The following post is taken from a sermon given on Sunday, 10th April 2016, ‘Breakfast with Jesus’ John 21:1-14
I love that word ‘again’. “Jesus appeared… again”.
I remember Rob Frost talking of a holiday in remote highland Scotland.
“They were lovely, hospitable folk, but it was like living in the past”
“What do you mean?” I asked.
“Do you want milk on your porridge?” – “Yes please” – “There’s a cow in the field”
“Tea?” – “yes please” – “Here’s a billy can, the stream’s behind the house.”
“Honey on your toast?” – “Yes pl… err no thanks!”
He said, “living like its 1650 is OK for a few hours, but the novelty soon wore off.
‘Again’s’ are important. Times when Jesus comes again.
How wonderful when we can remember the first time when Jesus came to us, drew near, when we became aware of his love for us, when we offered our lives to him and the service of God’s kingdom. You can call it conversion, being born again, being saved, seeing the light, I don’t mind.
But how equally important that there are times when Jesus comes to us again.
Because faith is a living thing.
It begins with a step of faith but it must result in a walk of life.
When I worked at Cliff College, one of our Methodist training institutions, we encouraged lots of testimonies. We perhaps ought to have more testimonies here?
I confess that I find some testimonies more encouraging and interesting than others. Testimonies that begin “I met the Lord in 1976” – and the story ends in 1976 – bore me a little.
How much more vital is the person who testifies to what happened last week, how the Lord gave peace, or healing, or safety or blessing – when Jesus came again, and faith became currently real rather than historically remembered.
I’ve been married 36 years (yes, I know, she deserves a medal!). Since then we’ve have changed shape, clothes, the food we eat, the appliances we surround ourselves with, the cars we drive, and the places we go on holiday.
Each area of our life has seen huge change – except, for so many of us, in the realm of our faith, where we are living on what we received so long ago….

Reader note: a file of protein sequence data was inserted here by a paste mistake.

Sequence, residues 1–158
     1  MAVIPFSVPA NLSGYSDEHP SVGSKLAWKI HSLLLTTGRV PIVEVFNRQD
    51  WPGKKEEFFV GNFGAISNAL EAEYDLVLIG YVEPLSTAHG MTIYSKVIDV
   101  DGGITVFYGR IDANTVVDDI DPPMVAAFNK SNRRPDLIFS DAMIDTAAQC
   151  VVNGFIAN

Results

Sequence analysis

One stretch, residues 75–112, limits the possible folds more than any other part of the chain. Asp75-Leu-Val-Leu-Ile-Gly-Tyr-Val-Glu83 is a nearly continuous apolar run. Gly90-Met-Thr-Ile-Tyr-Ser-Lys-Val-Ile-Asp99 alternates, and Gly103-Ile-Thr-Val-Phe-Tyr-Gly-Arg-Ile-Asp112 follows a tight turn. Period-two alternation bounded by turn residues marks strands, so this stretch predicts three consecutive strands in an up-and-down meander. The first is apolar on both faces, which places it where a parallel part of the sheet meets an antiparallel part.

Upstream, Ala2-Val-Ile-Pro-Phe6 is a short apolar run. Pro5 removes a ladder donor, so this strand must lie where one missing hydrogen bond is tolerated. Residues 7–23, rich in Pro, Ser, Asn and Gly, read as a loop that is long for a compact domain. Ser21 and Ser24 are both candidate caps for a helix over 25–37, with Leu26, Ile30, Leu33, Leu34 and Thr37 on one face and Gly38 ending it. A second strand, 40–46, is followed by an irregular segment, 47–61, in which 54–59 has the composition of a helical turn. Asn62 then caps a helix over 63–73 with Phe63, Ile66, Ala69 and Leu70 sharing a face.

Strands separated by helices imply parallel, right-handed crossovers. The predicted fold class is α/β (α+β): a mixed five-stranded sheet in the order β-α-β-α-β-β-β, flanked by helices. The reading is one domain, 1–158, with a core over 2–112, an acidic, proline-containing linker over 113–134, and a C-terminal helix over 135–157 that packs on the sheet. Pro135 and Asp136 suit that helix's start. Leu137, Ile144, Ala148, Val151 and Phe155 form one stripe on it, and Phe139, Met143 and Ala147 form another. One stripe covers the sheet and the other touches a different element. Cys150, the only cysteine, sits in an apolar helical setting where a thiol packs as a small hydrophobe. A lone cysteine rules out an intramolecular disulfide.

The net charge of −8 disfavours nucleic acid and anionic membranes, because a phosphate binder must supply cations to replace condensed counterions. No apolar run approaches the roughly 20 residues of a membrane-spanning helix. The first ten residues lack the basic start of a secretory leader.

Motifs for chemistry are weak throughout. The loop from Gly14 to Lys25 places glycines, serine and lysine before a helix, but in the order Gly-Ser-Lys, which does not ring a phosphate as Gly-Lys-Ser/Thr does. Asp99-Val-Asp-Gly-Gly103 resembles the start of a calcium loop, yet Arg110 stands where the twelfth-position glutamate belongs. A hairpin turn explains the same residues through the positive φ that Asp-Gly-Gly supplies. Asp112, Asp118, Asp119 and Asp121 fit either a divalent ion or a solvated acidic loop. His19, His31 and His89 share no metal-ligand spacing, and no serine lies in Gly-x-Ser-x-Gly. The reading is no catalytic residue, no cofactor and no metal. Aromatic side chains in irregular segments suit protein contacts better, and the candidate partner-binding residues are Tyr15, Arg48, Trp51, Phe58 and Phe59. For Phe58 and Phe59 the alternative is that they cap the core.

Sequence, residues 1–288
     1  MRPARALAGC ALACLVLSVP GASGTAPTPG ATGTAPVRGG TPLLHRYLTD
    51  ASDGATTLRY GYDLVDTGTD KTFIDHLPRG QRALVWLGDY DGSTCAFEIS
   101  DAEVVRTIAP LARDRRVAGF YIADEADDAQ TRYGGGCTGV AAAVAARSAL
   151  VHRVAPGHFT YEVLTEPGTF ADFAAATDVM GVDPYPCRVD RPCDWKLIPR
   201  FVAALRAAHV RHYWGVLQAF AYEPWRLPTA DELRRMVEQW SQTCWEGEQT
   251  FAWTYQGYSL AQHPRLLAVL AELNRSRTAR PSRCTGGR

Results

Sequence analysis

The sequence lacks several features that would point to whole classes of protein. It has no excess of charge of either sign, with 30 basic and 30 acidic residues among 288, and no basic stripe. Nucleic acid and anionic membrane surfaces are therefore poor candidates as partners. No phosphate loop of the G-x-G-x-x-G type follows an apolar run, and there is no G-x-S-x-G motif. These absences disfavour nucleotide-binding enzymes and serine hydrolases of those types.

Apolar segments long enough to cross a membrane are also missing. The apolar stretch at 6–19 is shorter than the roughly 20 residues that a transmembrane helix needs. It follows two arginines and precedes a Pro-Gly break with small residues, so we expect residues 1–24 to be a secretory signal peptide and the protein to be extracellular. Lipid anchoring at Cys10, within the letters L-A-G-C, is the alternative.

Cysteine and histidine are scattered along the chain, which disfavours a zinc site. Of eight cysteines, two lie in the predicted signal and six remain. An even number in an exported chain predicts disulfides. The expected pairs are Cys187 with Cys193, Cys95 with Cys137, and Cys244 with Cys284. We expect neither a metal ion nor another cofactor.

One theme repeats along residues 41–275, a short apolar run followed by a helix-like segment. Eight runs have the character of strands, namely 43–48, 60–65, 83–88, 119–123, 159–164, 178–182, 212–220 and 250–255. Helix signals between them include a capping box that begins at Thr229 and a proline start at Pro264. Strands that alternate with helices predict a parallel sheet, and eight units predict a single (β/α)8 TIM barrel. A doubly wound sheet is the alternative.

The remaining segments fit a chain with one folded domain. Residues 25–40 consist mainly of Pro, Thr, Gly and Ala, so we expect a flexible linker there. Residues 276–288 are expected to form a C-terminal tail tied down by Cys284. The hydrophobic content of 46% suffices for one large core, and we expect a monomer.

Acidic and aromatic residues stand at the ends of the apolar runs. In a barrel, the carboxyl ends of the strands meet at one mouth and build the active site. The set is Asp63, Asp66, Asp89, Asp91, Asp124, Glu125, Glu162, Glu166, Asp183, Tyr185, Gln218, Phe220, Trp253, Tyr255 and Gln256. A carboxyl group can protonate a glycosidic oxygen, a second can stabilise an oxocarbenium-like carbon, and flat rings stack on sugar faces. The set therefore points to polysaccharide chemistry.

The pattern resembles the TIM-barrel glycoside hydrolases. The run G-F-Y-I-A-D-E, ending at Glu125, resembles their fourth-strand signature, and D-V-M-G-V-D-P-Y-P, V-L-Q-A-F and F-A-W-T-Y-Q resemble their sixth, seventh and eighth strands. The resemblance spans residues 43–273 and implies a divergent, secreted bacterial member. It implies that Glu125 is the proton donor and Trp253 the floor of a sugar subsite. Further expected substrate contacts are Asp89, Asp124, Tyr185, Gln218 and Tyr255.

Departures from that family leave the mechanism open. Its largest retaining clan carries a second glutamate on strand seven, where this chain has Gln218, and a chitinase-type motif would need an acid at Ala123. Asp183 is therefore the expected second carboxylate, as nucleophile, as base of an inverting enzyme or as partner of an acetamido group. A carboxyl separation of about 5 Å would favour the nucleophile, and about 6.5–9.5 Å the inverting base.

Is it time that you experienced the risen Jesus again?
Because I’ve got good news for you. Jesus is longing to meet you again, and renew you.
Back to the passage, note where these disciples are. By the sea of Galilee.
What on earth are they doing up there?
They’ve gone back!
These disciples, many of them once fishermen – but called by Jesus to be fishers of men – have gone back to trying to catch fish. They’re like so many of us. We’ve been called to follow Christ. We profess to be his. We have a gospel to proclaim, we have a mission to fulfil, we have a saviour to live for.
But we keep looking over our shoulders.
You sometimes heard it in the testimonies I talked about.
“I did all sorts you shouldn’t do. What a sinner I was.” “And then I became a Christian!”
And they make the sinning sound so much more attractive than the following!
Let me tell you that If you are called by the Lord, and you flirt with going back to ‘life like it was before’ you are doomed to disappointment.
You will be miserable with the things that once satisfied you.
You will not be the same, and what you try to return to will not be the same.
Jesus effectively says ‘Why are you trying to catch fish when I’ve called you to catch men?’ It won’t work.
Sometimes we’re tempted to give up on our discipleship of Jesus. The disciples were at this point, I think. Here we catch another sign of their lost-ness.
Remember I told you to imagine how something is said? How does Peter say “I’m going out to fish”?
I see him pacing up and down in the midst of a group of bewildered and confused men.
“Oh, I’m going fishing!”
“We’ll come with you” (as in, we don’t know what else to do.)
Have you given your life, and then in subtle ways taken it back?
Perhaps today Jesus is calling you to be obedient to what he has called you to be. Today can you hear him come to you and say, follow me…. Again?
So, Peter the ex fisherman tries to go back to how life was before Jesus. He is, after all, a master fisherman, so he puts the boat out, he travels to waters he knows well, he puts the nets down and he catches…. nothing. All night. Nothing. And about dawn, across the water, comes an unknown voice, “Friends’ it said in our translation, but it also hints at ‘little ones’ or ‘children’ – immature ones. “Friends, haven’t you any fish?”
Now, how do you imagine the disciples say “No”.
Well, no actually, terribly poor do, never known a night like it….
“Well” says the voice, “put the net down at the other side and you will find some.”
It’s amazing that Peter does this. What are you like when people tell you how to do something you think you’re good at?
“Listen here, sunshine. I don’t know who you are but I’ve been fishing these waters man and boy all my life. I know where the fish are, now just keep your opinions to yourself and clear off.”
That would be more likely.
But Peter does as the voice tells him, which in fishing terms isn’t good practice, because there was no rigging on one side to help pull the net back into the boat – which is likely why they have to drag the net ashore to empty it.